Used in high-leverage spots, Pomeranz made 25 appearances for the Brewers, pitching to a 2.39 ERA while racking up 46 strikeouts in 26.1 innings. One scout predicted that because the lefty was so impressive, he could get a three-year deal at $8-9 million a year.
He has the stigma of giving up the home run to Howie Kendrick that essentially lost the World Series for the Astros, but it was more a case of exceptional hitting than a bad pitch-- a cutter at the knees on the outside part of the plate.
More to the point, Harris seems like an ideal candidate for the Mets as a reliever who has been something of a model of consistency, pitching to an ERA under 3.00 in four of his last five seasons, including a dominant 1.50 in 2019. He's 35, so age could be a concern, but he's not really a power guy, relying heavily on his curve ball and control.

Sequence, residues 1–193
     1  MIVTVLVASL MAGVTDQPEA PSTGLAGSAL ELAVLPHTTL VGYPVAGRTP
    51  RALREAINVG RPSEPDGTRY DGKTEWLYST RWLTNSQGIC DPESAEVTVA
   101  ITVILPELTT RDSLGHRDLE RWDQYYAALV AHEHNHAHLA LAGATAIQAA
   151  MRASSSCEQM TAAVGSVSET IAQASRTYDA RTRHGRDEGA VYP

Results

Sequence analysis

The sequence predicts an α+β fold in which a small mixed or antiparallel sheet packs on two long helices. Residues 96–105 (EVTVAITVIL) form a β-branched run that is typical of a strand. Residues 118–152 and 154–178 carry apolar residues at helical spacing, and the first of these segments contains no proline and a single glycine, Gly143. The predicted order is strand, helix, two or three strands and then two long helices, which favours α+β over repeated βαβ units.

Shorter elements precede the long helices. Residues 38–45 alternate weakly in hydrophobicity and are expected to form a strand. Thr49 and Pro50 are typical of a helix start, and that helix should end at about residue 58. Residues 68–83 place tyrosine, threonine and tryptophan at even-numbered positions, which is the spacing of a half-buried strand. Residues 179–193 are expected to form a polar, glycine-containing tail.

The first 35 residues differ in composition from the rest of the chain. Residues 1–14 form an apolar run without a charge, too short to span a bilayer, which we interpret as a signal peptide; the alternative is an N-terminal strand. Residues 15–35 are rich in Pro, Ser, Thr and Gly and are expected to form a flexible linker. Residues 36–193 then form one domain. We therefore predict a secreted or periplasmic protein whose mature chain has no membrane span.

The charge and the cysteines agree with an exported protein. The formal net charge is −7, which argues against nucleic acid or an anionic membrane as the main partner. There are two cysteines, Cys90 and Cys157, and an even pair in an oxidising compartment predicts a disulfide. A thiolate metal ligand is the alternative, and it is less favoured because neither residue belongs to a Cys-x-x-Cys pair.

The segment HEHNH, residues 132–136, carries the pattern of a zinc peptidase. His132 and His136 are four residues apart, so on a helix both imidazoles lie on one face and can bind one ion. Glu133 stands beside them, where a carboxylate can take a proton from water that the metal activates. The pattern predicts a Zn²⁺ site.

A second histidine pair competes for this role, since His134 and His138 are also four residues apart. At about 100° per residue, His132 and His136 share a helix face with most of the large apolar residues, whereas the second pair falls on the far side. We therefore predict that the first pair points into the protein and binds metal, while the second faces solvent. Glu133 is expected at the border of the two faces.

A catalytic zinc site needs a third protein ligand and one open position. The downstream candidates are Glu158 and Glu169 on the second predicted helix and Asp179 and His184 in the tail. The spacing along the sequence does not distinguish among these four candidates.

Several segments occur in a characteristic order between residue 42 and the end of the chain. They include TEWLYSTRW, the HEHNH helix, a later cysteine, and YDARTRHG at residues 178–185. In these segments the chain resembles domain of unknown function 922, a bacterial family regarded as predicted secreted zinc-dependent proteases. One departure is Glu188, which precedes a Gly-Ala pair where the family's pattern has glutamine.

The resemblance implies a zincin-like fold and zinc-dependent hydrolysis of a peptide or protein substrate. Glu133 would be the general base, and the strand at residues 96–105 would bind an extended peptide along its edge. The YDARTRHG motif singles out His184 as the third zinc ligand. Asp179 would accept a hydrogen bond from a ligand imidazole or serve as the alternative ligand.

Still, that age figures to limit him to a two-year deal in the $20-24 million range.
The former Met could be a nice fit, with his sidearm style providing a different look in the pen compared to other relievers. The right-hander bounced back from a torn Achilles to finish strong in 2019 for the Astros, pitching to a 1.80 ERA in 28 appearances, and then had a solid postseason, allowing three runs in 10 appearances.
At age 36, he won't command more than a two-year deal, probably at $6-8 million a year.